Bordered by Togo, Nigeria, Burkina Faso, and Niger, Benin has a 121-kilometer-long coastline on the Gulf of Guinea and a population of close to 11.4 million (2018). The country has recently been carrying out key economic and structural reforms.
Benin is a stable democracy. All presidential, legislative, and local elections held since the end of the Marxist-Leninist regime in 1989 have been conducted peacefully. The most recent presidential elections held in March 2016 were won by the multi-millionaire cotton tycoon, Patrice Talon. The government enjoys a comfortable majority in Parliament (61 of 82 deputies). In accordance with the party system reform approved by the National Assembly in 2018, several political parties and movements were merged to create a new charter of political parties. Benin now has around 10 State-recognized parties compared to over 200 identified parties prior to the reform. Legislative elections are due in April 2019.
Benin's economy is heavily reliant on the informal re-export and transit trade with Nigeria (approximately 20% of GDP), and on agriculture. Growth accelerated from 5.6% in 2017 to 6% in 2018 (3.1% per capita GDP), driven by vibrant port activity and a sound agricultural sector buoyed by record cotton production and the emerging diversification of sectors. Growth was also driven by an increase in public investments (particularly infrastructure) and the performance of the service sector. The inflation rate quickened to 2.3% in 2018 (versus 0.1% in 2017 and -0.8% in 2016), owing primarily to rising food prices. Thanks to higher agricultural exports, the current account deficit improved slightly, narrowing from 9.9% of GDP in 2017 to 8.9% of GDP in 2018. Wage bill and interest payment increases (+0.2% of GDP each) were more than offset by the reduction in current transfers (-0.2% of GDP), expenditures in goods and services (-0.3% of GDP), and investment spending (-0.1% of GDP). As a result, the primary deficit narrowed from 5% of GDP in 2017 to 3.4% of GDP in 2018, while the overall fiscal deficit (commitment basis, including grants) fell from 5.9% of GDP to 4.7% of GDP. However, an increase in domestic debt led to a concomitant rise in the debt-to-GDP ratio from 54.2% in 2017 to 54.4% in 2018.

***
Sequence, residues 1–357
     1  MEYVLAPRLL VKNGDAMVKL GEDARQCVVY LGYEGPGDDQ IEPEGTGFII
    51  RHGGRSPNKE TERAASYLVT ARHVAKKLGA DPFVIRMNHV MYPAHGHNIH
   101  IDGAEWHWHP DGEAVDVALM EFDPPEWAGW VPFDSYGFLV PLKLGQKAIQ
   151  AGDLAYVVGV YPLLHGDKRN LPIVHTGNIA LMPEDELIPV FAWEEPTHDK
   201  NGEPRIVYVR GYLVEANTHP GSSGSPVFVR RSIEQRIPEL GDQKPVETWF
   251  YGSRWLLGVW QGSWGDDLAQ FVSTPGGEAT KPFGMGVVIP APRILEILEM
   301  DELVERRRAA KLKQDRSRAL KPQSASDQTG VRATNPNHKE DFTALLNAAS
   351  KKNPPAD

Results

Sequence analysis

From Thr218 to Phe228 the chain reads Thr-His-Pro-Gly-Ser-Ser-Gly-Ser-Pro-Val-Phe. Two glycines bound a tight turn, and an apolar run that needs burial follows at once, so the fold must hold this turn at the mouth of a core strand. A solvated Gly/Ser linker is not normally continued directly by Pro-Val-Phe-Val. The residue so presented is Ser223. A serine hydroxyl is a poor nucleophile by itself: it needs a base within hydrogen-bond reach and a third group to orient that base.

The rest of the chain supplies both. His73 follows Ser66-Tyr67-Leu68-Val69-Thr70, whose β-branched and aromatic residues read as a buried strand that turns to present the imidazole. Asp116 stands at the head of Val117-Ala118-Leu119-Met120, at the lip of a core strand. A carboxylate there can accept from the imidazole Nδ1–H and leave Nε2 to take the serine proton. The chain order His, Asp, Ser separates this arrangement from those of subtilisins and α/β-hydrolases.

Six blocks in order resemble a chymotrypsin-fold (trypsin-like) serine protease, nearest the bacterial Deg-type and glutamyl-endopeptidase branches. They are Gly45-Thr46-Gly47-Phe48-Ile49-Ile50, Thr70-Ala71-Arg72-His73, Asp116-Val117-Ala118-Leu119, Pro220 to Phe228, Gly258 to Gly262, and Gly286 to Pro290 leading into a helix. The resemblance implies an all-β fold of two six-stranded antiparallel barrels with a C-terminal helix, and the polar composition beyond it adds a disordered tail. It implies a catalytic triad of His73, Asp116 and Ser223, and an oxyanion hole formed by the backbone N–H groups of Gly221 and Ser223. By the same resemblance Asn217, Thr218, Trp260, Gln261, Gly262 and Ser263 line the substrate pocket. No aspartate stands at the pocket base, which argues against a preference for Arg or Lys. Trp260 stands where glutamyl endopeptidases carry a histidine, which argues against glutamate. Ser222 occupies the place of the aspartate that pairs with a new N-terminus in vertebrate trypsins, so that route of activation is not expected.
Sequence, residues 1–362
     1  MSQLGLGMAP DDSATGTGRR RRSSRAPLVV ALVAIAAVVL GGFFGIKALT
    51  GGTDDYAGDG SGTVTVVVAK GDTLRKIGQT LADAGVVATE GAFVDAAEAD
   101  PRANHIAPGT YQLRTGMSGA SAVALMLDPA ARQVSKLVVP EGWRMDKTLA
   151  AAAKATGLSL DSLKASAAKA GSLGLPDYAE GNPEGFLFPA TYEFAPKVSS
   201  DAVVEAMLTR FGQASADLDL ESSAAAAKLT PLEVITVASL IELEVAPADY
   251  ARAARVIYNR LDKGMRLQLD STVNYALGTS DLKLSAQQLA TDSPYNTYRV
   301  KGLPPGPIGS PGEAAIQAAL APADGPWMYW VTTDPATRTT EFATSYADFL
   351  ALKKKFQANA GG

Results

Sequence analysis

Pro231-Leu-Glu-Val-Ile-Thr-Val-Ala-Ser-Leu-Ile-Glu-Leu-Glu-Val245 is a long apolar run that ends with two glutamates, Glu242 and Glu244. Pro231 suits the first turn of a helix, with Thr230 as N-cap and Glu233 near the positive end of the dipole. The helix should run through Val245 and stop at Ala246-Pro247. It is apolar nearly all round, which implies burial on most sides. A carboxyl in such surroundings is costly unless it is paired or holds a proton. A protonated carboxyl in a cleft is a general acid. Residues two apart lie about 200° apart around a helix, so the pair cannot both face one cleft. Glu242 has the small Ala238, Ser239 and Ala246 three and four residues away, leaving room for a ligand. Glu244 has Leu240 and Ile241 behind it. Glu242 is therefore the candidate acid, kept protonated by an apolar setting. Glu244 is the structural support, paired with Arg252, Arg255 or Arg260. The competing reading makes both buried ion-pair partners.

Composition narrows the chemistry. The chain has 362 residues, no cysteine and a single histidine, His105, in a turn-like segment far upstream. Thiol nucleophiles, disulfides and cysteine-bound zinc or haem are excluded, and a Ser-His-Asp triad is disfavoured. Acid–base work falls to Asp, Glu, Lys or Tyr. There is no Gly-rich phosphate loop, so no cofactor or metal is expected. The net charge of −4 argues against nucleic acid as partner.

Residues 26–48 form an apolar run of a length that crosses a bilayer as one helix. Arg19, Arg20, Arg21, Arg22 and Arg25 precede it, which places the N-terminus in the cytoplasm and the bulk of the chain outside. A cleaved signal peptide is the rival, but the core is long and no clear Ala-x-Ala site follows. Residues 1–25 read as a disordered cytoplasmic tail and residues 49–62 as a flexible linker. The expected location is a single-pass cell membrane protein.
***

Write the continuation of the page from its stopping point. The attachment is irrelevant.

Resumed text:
Despite steady, robust economic growth over the past two decades, poverty remains widespread owing to limited growth in per capita terms (only 1.6% during 2006–2016). National headcount poverty rates were estimated at 40.1% in 2015. Female-headed households experience lower levels of poverty (28% compared to 38% for male-headed ones), but
Benin is vulnerable to exogenous shocks: adverse weather conditions, varying terms of trade (cotton and oil prices), and developments in Nigeria—its main trading partner and the main source of its economic activity as 80% of Benin’s imports are destined for Nigeria. The economic recovery in Nigeria, where the recession officially ended in September 2017, fueled growth in Benin.
Despite some progress in the formal sector, Benin’s weak business environment continues to deter domestic and international investors. In the World Bank’s Doing Business indicators, Benin has ranked poorly (153 out of 190 countries in 2019), but has recently made progress in “starting a business” and “getting electricity.” Benin must, however, do more in the areas of “getting credit” and “paying taxes.” Lastly, despite strides made, Benin continues to grapple with major corruption-related challenges, ranking 85th out of 185 countries on Transparency International's Corruption Perceptions Index for 2018.
Last Updated: Mar 22, 2019